The fall was both positive and negative, it allowed me to trust the protection a little more, but it also really shook me up, it damaged my confidence. I have never fallen off a hard trad route before and always felt more confident on the lead. After falling, I began to question my ability. It took a lot of soul searching and personal exploration before I decided I wanted to continue with the project, and put myself back in that potentially deadly situation

You snapped some holds while working the route...
The nature of the rock made the route more difficult than it would otherwise have been. I was careful not to weight holds unnecessarily or intensely and this made the physical climbing a lot more tiring a strenuous. Understanding that there was a high possibility that a hold could break, and in doing so possibly end my life, made me very nervous and added to the ever growing psychological barrier that needed to be overcome.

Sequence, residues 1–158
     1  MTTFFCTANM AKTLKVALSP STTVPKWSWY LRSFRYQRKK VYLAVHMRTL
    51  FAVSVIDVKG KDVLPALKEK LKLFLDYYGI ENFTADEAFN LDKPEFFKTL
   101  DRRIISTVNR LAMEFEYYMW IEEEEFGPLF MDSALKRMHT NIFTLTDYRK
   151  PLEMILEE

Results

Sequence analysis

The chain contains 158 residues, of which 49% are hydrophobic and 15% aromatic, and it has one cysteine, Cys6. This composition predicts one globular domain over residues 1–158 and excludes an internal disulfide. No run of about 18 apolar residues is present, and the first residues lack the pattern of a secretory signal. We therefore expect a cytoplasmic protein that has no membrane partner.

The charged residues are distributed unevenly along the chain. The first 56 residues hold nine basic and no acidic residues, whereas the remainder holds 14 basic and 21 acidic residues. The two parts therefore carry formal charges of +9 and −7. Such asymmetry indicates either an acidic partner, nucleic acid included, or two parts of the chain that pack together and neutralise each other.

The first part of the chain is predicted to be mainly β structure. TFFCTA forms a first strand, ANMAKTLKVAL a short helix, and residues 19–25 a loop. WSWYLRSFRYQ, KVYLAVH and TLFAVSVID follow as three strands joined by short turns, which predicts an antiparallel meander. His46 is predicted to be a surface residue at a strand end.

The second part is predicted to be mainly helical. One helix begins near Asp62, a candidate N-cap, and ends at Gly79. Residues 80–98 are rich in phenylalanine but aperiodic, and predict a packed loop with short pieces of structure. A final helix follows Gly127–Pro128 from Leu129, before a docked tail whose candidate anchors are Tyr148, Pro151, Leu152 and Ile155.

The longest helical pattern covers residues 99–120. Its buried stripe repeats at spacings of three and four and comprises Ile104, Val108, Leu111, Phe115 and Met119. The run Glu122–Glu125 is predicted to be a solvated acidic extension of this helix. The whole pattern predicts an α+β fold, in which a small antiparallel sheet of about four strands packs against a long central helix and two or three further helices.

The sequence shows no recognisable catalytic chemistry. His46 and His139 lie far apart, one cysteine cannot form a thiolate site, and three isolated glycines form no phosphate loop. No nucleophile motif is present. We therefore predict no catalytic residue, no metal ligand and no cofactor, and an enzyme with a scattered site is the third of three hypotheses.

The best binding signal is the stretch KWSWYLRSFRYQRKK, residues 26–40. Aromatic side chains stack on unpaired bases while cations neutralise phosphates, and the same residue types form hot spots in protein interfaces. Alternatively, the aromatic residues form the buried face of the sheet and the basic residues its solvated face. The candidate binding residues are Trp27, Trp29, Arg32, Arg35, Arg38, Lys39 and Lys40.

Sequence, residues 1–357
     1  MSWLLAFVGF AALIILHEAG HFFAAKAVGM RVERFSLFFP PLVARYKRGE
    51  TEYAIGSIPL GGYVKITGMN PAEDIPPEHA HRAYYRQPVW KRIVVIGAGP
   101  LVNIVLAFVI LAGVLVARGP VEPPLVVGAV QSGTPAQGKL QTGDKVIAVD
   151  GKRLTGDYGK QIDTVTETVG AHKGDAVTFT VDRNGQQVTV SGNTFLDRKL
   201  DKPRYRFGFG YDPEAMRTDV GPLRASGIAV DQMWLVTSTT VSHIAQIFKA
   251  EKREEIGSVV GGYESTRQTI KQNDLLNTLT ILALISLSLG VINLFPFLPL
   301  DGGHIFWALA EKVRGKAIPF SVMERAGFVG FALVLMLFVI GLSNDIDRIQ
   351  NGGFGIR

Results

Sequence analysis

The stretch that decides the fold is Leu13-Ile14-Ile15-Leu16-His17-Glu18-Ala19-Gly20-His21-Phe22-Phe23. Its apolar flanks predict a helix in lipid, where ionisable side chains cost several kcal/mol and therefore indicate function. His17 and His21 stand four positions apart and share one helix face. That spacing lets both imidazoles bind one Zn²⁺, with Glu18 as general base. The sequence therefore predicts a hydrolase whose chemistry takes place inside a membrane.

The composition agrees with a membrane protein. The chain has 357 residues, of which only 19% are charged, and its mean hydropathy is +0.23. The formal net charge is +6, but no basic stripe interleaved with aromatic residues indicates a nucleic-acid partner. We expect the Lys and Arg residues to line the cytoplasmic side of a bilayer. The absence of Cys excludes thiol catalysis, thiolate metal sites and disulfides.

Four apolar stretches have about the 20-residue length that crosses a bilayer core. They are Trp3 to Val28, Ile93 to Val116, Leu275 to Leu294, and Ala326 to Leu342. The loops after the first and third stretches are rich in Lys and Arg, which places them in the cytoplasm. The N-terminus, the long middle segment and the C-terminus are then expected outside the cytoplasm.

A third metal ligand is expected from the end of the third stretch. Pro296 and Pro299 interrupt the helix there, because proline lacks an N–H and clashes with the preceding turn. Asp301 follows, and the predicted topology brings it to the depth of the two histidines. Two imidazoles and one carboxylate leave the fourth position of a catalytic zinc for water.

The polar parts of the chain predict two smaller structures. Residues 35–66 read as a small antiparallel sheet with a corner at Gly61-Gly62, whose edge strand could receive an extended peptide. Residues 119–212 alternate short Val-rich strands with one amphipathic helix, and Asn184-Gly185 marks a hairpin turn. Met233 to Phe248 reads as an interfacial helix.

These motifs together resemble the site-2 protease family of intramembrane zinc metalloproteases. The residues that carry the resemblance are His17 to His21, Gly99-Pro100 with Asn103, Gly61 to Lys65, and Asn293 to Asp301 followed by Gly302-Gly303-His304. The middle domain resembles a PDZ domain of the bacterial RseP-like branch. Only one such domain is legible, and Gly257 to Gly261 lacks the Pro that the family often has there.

So the greatest difficulty was psychologically?
Yes, the route was harder mentally than physically. It was physically difficult but I have climbed harder in the past on other routes and boulder problems. Mentally though it was in a different league to anything I had done before and I needed to teach myself how to cope. I needed to work a lot on my fitness, but mainly it was about mental conditioning for the amount of time my mind would be under stress.

When you set off on your successful attempt, what was your state of mind? Did you know what you were really risking, or were you convinced you weren't risking anything?
Usually, when I climb dangerous routes I enter a strange state of mind where I am aware of the consequences of failure but I don't connect them to reality. However, on The Walk Of Life, things were very different. I believe that due to the length of the route, and the sheer amount of time I needed to concentrate for, I was unable to put myself in the previously mentioned mindset and found myself in a terrifying situation, where I was fully aware of the danger I was in.